The Tweet Heard Round the Banking World

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So let’s suppose you’re a big bank and want to send out a helpful, a useful, a thoughtful tweet to your hundreds of thousands of loyal customers. It has to be brief, of course, and insightful. It should be sympathetic and non-judgemental, it goes without saying. Done right, such a tweet will be a marketing plus, and maybe a publicity bonanza.

But Chase Bank’s tweet to its customers this past Monday missed the mark, just slightly . . .

In a fictional exchange with a Chase customer, who asks the ATM why he has so little money in his account, the ATM, which has suddenly learned how to talk back, tells said customer to drink coffee at home, eat the leftovers in his fridge, and shun taxi cabs — a little walk will do you good, fatso.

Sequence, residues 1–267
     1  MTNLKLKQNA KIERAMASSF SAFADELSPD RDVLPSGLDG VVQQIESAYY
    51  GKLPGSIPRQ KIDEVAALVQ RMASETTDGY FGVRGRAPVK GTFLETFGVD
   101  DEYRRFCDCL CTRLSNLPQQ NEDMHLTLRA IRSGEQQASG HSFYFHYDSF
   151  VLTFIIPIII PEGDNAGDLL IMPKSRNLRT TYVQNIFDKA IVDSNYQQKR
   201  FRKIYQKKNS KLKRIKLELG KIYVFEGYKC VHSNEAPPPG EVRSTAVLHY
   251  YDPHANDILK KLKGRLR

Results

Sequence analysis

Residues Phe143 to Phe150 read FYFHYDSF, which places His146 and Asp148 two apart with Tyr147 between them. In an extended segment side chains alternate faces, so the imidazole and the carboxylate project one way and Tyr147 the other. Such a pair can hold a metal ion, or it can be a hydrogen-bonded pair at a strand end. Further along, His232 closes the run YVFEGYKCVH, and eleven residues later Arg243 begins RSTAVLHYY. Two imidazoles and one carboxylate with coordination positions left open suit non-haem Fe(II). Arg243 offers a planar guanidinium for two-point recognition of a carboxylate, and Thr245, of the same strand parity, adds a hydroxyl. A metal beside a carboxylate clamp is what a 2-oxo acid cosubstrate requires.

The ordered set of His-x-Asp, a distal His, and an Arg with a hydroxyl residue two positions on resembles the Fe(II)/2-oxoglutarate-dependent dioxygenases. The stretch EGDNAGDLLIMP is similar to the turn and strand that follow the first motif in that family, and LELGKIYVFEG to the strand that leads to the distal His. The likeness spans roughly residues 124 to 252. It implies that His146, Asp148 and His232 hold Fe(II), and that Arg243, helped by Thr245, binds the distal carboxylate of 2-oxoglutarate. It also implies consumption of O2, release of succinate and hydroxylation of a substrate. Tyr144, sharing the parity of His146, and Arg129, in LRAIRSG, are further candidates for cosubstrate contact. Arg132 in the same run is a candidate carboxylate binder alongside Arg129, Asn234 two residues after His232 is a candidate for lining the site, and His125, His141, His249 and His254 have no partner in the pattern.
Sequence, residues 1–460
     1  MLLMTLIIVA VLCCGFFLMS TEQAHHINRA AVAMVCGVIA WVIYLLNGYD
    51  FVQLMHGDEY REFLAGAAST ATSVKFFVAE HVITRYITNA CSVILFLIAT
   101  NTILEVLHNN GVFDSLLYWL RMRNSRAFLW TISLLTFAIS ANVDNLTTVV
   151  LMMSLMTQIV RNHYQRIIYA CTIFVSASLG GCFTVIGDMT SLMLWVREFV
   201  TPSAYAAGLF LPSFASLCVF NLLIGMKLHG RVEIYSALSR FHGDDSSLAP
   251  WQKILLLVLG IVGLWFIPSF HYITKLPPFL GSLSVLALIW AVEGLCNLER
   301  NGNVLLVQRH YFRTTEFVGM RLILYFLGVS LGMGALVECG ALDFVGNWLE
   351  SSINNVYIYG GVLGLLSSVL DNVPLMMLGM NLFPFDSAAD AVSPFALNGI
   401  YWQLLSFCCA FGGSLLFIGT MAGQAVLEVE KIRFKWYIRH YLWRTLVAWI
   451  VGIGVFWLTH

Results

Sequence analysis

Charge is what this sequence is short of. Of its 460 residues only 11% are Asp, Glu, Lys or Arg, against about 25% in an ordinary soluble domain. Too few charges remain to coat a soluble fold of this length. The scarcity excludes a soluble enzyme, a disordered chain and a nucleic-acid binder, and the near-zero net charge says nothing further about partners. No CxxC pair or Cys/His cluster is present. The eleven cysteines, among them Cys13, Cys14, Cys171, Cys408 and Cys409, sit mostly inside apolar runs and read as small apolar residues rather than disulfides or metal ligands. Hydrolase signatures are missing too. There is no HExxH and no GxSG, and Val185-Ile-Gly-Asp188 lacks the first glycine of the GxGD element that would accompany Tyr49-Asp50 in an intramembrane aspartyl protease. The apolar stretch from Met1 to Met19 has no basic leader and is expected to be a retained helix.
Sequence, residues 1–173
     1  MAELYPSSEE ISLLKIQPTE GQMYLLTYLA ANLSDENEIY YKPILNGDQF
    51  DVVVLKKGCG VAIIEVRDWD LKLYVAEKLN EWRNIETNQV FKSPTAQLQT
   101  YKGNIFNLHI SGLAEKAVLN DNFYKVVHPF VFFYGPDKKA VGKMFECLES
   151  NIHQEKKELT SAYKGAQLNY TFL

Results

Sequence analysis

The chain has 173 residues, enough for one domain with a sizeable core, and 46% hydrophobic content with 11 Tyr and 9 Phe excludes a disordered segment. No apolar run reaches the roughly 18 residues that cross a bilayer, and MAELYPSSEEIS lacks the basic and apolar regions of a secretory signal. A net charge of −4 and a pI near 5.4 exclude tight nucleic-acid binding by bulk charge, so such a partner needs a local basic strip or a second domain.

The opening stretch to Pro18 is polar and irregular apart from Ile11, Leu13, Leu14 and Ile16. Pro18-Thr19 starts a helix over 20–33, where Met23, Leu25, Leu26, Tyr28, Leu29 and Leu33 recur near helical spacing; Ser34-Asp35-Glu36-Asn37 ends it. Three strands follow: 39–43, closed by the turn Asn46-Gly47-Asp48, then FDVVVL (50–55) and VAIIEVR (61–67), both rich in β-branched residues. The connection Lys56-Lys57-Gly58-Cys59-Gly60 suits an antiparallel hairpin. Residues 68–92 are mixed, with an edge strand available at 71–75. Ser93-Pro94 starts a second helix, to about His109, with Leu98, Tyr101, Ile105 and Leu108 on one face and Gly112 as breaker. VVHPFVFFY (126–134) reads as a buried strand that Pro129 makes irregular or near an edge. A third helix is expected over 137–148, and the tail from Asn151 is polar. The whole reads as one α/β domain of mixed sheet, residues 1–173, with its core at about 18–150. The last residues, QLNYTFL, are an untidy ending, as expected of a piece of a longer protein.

It’s a paraphrase, just a bit; but the response from other Twitter accounts was immediate, and wrathful. Senators weighed in with reasons why the economy is to blame for slim bank accounts, not spendthrift account holders. Chase customers erupted in fury, many of them threatening to cancel their accounts with the bank.

Long story short, Chase Bank kept the tweet up for just a few hours, then hastily deleted it. And while they didn’t issue a direct apology for the insulting tweet, they did sheepishly post a tweet saying that their next big customer motivational campaign would be to get better at posting tweets.


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